Standard Shoelace Knot
Also known as the "Around The Tree" shoelace knot" or simply the "Bowknot", this is probably the most common method for tying shoelaces: Make a loop with one end, wrap the other end around and pull a loop through the "hole" in the middle.
Tie a Left-over-Right Starting Knot as shown, then make the right (blue) end into a "loop" by simply doubling it back onto itself.
Take the left (yellow) end and pass it around to the right, going behind the right loop.
Continue the left (yellow) end around the right loop to end up in front.
Start to feed the left (yellow) lace into the "hole" that has just been made.
With the left (yellow) lace now through the "hole", grab hold of both loops and start to pull the knot tight.
Continue pulling on the loops until the knot is firmly tied.
NOTE: If your finished knot comes out crooked, it's probably because you tie your Starting Knot the opposite way to mine. This will result in an un-balanced "Granny Knot", which both sits crooked and comes undone more easily. See my Granny Knot page for more information.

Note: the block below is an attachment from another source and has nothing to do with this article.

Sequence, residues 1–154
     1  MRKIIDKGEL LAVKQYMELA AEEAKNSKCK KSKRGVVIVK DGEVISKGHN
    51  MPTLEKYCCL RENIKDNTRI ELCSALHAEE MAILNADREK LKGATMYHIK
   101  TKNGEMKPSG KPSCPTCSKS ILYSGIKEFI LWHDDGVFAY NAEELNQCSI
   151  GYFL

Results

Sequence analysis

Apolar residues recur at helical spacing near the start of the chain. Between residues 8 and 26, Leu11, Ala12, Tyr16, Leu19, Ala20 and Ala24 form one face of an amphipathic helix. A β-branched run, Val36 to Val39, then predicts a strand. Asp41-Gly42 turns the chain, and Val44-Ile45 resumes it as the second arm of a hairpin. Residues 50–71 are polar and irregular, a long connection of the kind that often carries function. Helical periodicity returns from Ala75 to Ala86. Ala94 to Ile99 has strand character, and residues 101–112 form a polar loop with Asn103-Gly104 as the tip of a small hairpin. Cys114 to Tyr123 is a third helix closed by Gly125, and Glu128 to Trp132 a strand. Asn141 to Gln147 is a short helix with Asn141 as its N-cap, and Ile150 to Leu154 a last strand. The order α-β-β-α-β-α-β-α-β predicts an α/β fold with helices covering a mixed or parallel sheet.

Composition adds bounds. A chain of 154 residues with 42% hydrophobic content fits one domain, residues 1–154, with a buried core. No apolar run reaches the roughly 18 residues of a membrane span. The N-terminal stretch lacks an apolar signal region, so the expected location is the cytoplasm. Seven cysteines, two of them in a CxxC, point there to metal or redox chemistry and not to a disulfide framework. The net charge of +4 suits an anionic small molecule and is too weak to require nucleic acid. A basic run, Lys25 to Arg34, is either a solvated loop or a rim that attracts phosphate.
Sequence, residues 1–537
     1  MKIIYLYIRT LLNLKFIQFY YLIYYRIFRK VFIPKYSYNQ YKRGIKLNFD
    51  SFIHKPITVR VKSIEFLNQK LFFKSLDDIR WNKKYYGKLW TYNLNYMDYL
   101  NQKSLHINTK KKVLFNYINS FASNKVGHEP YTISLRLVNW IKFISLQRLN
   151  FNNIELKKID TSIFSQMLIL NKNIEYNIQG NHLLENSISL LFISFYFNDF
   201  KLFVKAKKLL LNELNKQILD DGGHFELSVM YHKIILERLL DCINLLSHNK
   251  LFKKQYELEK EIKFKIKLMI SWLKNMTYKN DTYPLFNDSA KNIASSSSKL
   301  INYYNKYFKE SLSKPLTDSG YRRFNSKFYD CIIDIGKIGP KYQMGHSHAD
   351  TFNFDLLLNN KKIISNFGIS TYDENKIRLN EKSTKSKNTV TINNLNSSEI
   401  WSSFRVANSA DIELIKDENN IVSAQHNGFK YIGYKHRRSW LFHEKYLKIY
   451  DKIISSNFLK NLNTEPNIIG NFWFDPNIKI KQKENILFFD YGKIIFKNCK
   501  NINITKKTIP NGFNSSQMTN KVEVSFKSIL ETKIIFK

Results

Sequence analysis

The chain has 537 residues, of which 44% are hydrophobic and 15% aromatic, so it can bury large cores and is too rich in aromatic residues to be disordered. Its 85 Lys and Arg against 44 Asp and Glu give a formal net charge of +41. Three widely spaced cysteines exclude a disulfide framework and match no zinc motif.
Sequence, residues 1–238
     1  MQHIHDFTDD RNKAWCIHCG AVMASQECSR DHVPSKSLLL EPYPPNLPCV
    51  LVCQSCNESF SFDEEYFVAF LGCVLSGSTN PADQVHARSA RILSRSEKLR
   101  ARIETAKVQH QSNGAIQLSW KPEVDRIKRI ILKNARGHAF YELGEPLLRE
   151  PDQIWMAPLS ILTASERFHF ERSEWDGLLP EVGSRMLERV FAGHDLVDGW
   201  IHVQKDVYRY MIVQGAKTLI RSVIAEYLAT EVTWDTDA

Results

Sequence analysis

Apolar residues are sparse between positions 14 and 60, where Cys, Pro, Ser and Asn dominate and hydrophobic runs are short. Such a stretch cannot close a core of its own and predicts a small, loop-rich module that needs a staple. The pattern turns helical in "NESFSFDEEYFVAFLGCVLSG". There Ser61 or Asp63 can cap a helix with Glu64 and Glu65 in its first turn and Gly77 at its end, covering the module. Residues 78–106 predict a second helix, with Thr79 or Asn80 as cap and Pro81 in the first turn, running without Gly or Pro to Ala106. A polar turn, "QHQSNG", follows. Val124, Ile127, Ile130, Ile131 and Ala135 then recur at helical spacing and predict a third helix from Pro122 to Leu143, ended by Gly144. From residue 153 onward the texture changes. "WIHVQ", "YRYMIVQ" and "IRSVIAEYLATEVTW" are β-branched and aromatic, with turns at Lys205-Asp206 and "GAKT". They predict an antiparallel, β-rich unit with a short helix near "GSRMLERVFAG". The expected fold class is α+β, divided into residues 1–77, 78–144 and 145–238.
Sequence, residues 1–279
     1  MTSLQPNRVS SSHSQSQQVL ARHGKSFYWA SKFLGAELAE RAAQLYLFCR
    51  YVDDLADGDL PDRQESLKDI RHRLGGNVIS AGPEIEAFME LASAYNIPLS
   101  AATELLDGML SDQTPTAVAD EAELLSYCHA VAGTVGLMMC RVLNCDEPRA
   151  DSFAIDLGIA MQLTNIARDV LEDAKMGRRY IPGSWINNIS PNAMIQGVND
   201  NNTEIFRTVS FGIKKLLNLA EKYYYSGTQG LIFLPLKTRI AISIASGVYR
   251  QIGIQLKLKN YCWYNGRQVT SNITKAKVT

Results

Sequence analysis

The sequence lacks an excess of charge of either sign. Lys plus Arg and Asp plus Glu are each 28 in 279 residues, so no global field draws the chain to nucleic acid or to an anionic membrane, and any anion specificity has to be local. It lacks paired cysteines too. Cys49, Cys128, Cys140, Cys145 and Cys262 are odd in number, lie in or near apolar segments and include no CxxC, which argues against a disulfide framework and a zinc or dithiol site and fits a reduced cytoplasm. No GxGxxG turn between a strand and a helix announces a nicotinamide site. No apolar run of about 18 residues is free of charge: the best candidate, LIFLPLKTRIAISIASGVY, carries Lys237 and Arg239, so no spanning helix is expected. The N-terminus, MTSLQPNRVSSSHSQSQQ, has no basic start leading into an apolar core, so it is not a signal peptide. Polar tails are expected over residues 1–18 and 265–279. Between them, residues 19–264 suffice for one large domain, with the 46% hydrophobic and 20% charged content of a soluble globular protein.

This knot appears in The Ashley Book of Knots as #1212 and #1214, "The Bowknot", where it is described as "... the universal means of fastening shoe-strings together." However, Ashley does not illustrate the steps, and only briefly describes the procedure (which is actually more like the Two Loop Shoelace Knot).
The technique is also commonly referred to as the "Bunny Rabbit Around The Tree" method, which refers to the story that is often used to help children remember the steps:
- First create the tree roots (tie the Starting Knot);
- Next create the tree trunk (form the first loop);
- Rabbit runs around the tree (wrap the loose end around the loop);
- Rabbit sees you and hops into the hole (feed through the hole);
- Rabbit escapes out the back (emerge and pull tight).
As far as I know, there is no actual "bunny rabbit" shoelace tying song or rhyme, rather, it was only ever told as a simple story.
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